Besides the one big health scare and hospitalization (read more here, here, and here), Z has been quite healthy. The giardia and scalp fungus are long-gone and he even avoided the flu bug the rest of us suffered a few weeks ago. We have been going to the orthopedic doctors at Childrens Hospital every week for the past 8 weeks for treatment of his club foot. The treatment procedure is called serial casting, which involves Z getting a new cast put on his foot every week to slowly stretch the tendons and adjust the orientation of the foot. His last cast comes off tomorrow - hooray! After that he'll wear orthotics during the day and a brace at night. Z's blood work showed that he was slightly anemic so he has been on iron drops, along with his daily multivitamin. Beyond that we have not had any health issues - he is healthy, growing, and thriving!
Adopting a toddler is so fun because they are at the perfect age to learn language. Z has been learning new words every day! Though we still use a few Amharic words, Z is picking up English quickly and now says far more words in English than in Amharic. I do think he remembers a lot of it though -- when we are around Amharic speakers he is still able to understand them. He regularly puts two and three words together, such as "Up Mommy please" or "Wow Daddy car". Tonight I even overheard him tell J, "All done brushing teeth". He still uses a few signs, but he knows so many words now that he doesn't need them much.
Z continues to adore his brothers, and the feeling is mutual. Z and N have always been sweet together, but lately D has been showing more interest and willingness to play with Z as well. He is doing a better job of coming down to Z's level and joining him in play, or inviting him to activities that he knows Z enjoys. There are still frequent property disputes and turf battles, but overall the boys get along well and have fun together. I think having the two older boys made Z's transition quite a bit easier on both him and us. Rather than having to depend solely on me and J for all interactions, he has 2 other little people to watch and imitate, 2 other people who give him love and attention, 2 other people to play with and learn from. Watching them all give each other hugs and kisses before bed makes my heart swell with joy and gratitude!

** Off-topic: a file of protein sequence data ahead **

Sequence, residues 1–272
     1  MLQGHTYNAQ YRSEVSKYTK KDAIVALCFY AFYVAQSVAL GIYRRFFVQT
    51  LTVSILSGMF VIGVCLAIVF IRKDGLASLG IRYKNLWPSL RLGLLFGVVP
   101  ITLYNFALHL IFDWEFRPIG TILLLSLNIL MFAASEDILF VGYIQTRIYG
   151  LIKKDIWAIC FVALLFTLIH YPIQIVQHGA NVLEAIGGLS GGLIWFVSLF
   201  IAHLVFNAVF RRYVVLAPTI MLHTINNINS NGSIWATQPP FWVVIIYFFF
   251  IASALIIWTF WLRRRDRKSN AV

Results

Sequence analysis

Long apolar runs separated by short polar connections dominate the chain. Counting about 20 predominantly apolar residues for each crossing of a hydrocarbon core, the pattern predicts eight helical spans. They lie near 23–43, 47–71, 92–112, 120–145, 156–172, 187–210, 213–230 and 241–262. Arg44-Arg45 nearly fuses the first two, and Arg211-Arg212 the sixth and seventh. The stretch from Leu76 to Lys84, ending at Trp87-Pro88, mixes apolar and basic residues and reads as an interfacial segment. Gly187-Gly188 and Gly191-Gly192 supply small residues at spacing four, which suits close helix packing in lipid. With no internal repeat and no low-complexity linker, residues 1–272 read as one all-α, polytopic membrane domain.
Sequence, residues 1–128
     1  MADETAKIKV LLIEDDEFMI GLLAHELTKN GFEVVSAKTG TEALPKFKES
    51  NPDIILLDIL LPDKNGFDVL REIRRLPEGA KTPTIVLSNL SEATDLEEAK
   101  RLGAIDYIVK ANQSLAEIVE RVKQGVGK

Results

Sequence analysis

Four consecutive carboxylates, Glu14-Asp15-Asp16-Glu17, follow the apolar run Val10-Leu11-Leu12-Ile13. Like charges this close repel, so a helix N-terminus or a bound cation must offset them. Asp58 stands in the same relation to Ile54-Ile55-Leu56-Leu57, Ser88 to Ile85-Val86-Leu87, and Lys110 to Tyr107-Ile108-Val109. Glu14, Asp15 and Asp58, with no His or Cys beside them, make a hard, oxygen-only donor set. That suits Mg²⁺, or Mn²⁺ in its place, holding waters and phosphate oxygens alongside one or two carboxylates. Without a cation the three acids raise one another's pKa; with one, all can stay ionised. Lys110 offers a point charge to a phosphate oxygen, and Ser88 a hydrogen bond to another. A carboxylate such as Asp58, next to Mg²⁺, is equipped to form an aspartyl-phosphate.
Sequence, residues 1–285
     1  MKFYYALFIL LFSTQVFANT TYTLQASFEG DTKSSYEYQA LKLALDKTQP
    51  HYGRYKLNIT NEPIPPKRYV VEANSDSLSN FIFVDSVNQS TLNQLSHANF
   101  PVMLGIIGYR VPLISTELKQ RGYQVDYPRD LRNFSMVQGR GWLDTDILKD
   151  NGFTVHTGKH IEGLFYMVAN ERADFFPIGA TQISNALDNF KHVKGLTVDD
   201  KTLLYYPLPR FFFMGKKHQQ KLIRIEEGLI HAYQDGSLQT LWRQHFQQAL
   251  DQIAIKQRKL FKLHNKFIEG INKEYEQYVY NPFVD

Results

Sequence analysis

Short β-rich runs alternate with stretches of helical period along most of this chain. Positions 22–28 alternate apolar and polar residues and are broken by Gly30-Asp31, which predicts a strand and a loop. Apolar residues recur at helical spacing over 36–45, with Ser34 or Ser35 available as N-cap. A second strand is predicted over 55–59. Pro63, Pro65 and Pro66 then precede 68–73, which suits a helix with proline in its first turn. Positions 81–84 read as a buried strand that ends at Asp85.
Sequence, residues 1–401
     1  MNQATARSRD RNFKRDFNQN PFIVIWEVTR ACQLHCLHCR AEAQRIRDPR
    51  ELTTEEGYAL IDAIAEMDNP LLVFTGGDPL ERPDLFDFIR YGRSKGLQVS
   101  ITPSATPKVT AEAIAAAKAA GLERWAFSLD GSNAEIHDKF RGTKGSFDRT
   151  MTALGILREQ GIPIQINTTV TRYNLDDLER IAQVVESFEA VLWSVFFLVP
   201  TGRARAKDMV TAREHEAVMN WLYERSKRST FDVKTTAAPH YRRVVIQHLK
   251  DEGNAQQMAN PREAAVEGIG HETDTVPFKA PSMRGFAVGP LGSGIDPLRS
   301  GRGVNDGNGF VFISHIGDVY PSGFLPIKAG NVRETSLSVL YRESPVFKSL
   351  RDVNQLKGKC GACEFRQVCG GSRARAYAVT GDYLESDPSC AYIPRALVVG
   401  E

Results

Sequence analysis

Bonding & Connecting
Naturally in Z's first months home we have been doing lots of things to intentionally foster our bond and connection with him. We try to spend time each day doing activities like peek-a-boo, tickling, wrestling, and anything else that makes us both smile and puts us face-to-face with each other. We also spend time holding, cuddling, and rocking Z, particularly before and after naps and bedtime. We look through his life-story book together and talk about all the important people in his life before he was home with us. But the one thing that has proven most valuable in the bonding process has simply been time. Time together, both in the sense of number of weeks that he has been home, and also in the sense of committing to spend lots of quality time together every day.